UNION — A family living within the Union city limits will be allowed to keep its four kunekune pet pigs.

The Union City Council voted following a hearing Wednesday night, Sept. 23, to uphold a conditional use permit the city’s planning commission issued giving Lindsey Bennington-McDowell, a single mom with two children, permission to keep the pigs. The city council conducted its hearing after six neighbors of Bennington-McDowell, who lives at 960 W. Hickory Place, appealed the decision. A successful appeal would have prevented Bennington-McDowell, from keeping her pigs.

Bennington-McDowell needed a conditional use permit to keep the pigs because the only farm animals Union allows within its city limits are horses, cattle, fowl, goats, sheep and rabbits. No city policies prohibit keeping pigs but one does state anyone with livestock outside of those on the list needs a conditional use permit.

About half a dozen people at the hearing voiced their objections to the presence of the pigs. Several were neighbors who live within 400 feet of the pigs and said they will lower their property values, emit foul odors and lead to more people in Union getting pigs. Roy King, a neighbor, was among those who spoke in opposition.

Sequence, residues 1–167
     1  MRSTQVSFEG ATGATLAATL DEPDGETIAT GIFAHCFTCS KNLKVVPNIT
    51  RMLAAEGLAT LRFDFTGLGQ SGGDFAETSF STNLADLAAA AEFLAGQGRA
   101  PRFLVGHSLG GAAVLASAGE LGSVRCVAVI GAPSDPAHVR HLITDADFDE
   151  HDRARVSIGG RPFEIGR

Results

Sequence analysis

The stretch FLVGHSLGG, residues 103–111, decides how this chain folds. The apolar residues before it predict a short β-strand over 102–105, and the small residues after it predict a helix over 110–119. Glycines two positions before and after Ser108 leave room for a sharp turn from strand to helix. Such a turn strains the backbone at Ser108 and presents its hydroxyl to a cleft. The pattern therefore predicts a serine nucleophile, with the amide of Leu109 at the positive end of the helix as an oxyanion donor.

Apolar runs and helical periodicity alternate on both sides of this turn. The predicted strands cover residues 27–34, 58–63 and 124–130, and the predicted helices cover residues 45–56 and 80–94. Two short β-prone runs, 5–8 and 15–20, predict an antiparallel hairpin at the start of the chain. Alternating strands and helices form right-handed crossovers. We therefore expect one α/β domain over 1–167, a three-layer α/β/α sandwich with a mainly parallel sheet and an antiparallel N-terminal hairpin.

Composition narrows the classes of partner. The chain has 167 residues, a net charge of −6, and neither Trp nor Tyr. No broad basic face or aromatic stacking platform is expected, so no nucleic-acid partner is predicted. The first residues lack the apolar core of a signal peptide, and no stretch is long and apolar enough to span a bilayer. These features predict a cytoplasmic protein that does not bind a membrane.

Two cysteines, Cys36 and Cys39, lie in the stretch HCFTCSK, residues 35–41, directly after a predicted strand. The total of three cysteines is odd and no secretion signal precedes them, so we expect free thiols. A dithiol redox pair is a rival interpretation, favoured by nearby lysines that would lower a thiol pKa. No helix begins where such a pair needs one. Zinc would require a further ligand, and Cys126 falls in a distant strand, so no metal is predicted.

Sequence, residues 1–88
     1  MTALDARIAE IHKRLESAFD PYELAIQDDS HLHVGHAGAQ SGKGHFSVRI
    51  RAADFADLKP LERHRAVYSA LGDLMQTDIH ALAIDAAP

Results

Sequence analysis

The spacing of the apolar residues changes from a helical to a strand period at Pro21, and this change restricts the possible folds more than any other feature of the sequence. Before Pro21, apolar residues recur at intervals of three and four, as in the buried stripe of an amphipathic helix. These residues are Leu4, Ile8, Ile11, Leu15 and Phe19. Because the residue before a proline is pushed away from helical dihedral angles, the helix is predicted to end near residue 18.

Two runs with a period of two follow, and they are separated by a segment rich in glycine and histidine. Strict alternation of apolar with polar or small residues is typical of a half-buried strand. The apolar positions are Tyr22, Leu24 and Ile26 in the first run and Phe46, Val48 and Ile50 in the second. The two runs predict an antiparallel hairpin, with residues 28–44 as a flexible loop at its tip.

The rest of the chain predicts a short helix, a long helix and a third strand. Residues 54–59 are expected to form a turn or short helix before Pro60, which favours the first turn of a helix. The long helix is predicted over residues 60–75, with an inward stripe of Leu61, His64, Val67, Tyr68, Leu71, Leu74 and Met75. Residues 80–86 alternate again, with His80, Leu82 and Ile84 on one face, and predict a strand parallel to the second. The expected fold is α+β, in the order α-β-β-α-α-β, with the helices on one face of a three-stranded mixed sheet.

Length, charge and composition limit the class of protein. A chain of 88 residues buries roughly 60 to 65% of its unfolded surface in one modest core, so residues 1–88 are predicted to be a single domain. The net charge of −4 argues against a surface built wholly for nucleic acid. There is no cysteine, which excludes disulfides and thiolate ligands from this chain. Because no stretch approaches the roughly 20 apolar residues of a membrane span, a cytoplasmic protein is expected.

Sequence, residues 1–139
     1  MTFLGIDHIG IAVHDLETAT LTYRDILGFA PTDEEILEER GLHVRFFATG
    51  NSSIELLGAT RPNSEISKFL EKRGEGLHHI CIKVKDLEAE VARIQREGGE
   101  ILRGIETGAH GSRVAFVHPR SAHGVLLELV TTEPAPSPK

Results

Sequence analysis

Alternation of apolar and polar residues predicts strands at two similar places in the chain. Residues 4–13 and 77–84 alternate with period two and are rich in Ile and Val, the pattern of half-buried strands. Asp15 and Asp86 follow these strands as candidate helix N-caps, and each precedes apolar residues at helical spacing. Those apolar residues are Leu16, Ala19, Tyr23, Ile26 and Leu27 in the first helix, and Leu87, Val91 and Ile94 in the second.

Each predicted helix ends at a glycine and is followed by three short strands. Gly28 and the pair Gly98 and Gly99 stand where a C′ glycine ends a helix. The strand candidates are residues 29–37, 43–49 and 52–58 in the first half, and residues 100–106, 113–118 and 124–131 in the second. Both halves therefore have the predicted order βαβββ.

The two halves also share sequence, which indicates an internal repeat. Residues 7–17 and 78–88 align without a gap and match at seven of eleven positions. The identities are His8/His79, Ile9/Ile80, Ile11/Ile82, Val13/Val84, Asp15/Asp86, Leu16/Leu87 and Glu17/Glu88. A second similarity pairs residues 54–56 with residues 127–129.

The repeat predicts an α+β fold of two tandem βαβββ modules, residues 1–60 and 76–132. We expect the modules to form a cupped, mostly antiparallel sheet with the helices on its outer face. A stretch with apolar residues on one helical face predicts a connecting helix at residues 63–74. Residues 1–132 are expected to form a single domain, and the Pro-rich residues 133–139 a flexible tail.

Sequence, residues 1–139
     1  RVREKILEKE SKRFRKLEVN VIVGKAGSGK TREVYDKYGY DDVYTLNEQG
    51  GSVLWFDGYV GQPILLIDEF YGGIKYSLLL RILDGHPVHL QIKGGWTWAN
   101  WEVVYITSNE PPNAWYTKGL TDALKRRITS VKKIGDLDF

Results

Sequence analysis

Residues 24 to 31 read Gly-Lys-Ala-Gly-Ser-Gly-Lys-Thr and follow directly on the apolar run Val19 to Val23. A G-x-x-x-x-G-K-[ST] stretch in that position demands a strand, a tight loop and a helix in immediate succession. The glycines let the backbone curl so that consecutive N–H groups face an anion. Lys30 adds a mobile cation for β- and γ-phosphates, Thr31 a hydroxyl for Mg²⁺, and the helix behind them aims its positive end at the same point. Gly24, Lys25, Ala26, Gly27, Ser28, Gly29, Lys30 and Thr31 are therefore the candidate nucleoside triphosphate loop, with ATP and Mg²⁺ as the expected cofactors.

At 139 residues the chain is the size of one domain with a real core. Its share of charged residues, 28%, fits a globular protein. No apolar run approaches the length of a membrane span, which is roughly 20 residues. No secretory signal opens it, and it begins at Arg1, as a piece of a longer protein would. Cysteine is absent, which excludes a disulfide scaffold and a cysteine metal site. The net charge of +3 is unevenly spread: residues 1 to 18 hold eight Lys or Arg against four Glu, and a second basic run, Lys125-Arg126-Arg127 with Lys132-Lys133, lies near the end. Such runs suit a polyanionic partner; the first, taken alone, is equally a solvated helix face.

“We have a treasure here. The council should add to and build this treasure,” said King, referring to Union’s quality of life.

Jim Sheehy, also a neighbor of Bennington-McDowell, spoke in support of the pigs.

“They are not impeding the livability of the neighborhood at all,” Sheehy said.

Bennington-McDowell also told the city council that pigs are not impacting livability and are dear to her family.

“We love them, they are our pets,” she said during the hearing.

A number of people spoke about the problems pigs pose in general and the city’s ordinance. However, city councilors Sue Hawkins and Terra Richer said following the hearing they had not heard enough specific complaints about the pigs to overturn the planning commission’s decision.

The city council, however, attached two additional conditions to the conditional use permit.

One requires the city to inspect Bennington-McDowell’s home to make sure conditions for the pigs are proper. A second limits the number of pigs Bennington-McDowell can have to four. The previous limit was five, which was based on the two acres of land Bennington-McDowell has, said Union City Administrator Doug Wiggins.

General assignment reporter

Beats include the communities of North Powder, Imbler, Island City and Union, education, Union County veterans programs and local history. Dick joined The Observer in 1983, first working as a sports and outdoors reporter.

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